Thursday, October 20, 2011

Occupy Ethics

Here’s a conundrum for our overly-sensitive days: How deeply can your employer delve into your personal life – particularly your personal politics – when you’re off the clock?

I raise the question because of the firing of Lisa Simeone, a freelancer who works on classical music- and opera-related shows that, while not produced directly by National Public Radio, are distributed nationally by NPR.

Why was she fired? Because she’s serving – off the air – as a spokesperson for an Occupy DC organization.

As far as I know, no one has accused her of politicizing her commentaries. I hear her nearly every night introducing classical music as I drive home from the bus stop, and I’ve never heard her stray from the world of classical music in her commentary.

I don’t disagree with the notion that in this day and age when we’re linked to our employers via Facebook and are out in the public more often than we are in private that we ought to be cognizant that our extracurricular activities could, in some eyes, detract from the reputation of our employer. But I have to agree with Simeone and TIME Magazine writer James Poniewozik when they express incredulity that this situation led to a firing.

Says Simeone (per NewsBusters, which is altogether too gleeful in this situation):
I find it puzzling that NPR objects to my exercising my rights as an American citizen -- the right to free speech, the right to peaceable assembly -- on my own time in my own life. I'm not an NPR employee. I'm a freelancer. NPR doesn't pay me. I'm also not a news reporter. I don't cover politics. I've never brought a whiff of my political activities into the work I've done for NPR World of Opera. What is NPR afraid I'll do -- insert a seditious comment into a synopsis of Madame Butterfly?
NPR’s code of ethics, however, appears clear on the matter:
VIII. Politics, community and outside activities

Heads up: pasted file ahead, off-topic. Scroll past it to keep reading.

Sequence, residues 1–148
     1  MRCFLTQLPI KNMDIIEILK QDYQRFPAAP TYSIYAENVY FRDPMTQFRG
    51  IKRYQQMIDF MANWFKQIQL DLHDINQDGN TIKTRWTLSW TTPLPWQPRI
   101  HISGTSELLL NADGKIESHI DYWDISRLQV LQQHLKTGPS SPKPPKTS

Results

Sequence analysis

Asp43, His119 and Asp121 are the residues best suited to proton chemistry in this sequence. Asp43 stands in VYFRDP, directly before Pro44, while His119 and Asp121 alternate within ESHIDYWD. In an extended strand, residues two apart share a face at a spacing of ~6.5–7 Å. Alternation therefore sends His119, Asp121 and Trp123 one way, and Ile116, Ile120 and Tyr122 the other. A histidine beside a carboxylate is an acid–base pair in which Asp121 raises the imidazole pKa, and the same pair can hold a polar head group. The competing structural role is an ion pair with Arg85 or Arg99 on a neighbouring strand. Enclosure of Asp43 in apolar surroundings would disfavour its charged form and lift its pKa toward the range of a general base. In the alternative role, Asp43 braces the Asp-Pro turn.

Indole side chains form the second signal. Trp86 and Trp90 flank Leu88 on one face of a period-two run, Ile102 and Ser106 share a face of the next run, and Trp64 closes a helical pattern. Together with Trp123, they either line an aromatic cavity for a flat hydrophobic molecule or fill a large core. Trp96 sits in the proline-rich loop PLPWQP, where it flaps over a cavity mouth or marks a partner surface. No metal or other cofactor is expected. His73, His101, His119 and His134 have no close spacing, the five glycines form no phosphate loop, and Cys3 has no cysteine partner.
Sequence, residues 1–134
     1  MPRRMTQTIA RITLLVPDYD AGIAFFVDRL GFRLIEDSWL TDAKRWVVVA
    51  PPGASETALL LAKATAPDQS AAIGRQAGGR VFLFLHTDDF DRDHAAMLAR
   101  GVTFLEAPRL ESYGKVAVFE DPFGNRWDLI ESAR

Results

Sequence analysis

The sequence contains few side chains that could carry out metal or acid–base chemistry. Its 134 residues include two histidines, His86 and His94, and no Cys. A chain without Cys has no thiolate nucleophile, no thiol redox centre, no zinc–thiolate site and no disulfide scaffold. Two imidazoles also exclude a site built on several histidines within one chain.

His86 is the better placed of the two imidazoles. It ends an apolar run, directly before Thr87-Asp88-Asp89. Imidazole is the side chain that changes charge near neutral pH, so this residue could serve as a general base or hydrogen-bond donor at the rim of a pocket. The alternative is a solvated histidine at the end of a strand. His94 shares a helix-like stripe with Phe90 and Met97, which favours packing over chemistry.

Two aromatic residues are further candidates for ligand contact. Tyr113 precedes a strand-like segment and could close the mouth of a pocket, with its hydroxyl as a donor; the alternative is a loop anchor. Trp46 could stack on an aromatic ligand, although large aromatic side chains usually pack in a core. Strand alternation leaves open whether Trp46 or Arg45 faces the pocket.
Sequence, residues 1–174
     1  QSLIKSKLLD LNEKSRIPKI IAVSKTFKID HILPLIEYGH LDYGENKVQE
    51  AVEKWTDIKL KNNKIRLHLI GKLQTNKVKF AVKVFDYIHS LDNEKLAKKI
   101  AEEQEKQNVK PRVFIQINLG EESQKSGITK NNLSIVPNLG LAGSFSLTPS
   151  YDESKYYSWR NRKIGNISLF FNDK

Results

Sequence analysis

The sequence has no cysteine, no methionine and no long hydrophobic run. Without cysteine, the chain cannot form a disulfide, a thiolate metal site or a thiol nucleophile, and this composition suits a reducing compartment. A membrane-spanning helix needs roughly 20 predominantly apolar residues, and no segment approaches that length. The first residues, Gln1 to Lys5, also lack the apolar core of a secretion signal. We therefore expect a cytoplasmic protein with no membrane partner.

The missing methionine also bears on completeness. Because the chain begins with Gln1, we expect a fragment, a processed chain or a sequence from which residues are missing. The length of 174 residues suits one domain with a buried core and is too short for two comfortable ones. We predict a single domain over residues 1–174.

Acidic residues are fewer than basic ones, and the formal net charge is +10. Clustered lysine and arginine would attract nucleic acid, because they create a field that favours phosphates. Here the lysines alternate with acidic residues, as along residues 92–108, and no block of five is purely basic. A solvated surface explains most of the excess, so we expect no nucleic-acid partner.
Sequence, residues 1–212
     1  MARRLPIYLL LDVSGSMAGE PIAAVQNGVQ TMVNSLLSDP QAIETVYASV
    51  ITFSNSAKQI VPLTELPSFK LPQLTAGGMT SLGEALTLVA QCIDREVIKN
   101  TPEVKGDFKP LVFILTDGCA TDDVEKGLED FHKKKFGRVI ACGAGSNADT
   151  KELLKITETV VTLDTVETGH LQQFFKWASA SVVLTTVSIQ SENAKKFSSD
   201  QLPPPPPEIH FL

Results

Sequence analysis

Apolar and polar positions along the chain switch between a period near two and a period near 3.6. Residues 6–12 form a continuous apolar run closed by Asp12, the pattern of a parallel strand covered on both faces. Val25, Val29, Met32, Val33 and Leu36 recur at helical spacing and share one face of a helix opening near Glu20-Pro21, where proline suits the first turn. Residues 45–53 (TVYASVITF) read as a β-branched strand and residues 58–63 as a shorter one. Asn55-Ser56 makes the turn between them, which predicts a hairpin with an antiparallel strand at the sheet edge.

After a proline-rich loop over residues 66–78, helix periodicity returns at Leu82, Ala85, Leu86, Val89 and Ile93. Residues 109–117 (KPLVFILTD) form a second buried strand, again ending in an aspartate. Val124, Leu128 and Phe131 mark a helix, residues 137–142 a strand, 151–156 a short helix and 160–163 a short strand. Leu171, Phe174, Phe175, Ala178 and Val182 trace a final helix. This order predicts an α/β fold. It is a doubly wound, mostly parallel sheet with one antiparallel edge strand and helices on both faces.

1. NPR journalists may not run for office, endorse candidates or otherwise engage in politics. Since contributions to candidates are part of the public record, NPR journalists may not contribute to political campaigns, as doing so would call into question a journalist's impartiality.

2. NPR journalists may not participate in marches and rallies involving causes or issues that NPR covers, nor should they sign petitions or otherwise lend their name to such causes, or contribute money to them.

3. NPR journalists may not serve on government boards or commissions.

4. NPR journalists may sit on community advisory boards, educational institution trustee boards, boards of religious organizations or boards of nonprofit organizations so long as NPR does not normally cover them and they are not engaged in significant lobbying or political activity. Such activities should be disclosed to the Senior Vice President for News or their designee, and NPR may revoke approval if it believes continued service will create and actual or appearance of a conflict of interest.

5. When a spouse, family member or companion of an NPR journalist is involved in political activity, the journalist should be sensitive to the fact that this could create real or apparent conflicts of interest. In such instances the NPR journalist should advise his or her supervisor to determine whether s/he should recuse him or herself from a certain story or certain coverage.
This kind of code of conduct is not alien to the world of journalism. Wise journalists should recognize that any conflict of interest – even one that is perceived and one that may not “leak” into one’s professional duties – is still a conflict of interest.

But the blanket approach to how NPR handled this situation is puzzling. Simeone as a journalist for Soundprint, which produces news and commentary, should have known better than to involve herself with a political organization after hours – in clear violation of any newsroom ethics policy. But as for her being fired from shows that are not political in nature, that is what I question, especially when the news/commentary and opera/classical music programs are produced by different entities. This all or nothing approach is draconian.

Nevertheless, it may be warranted. Says Julie Moos over at the Poynter Institute:
Questions about politics have dogged NPR in the last year. The public radio network’s new CEO Gary Knell hopes to depoliticize its image; incidents like this clearly will not help.

No comments: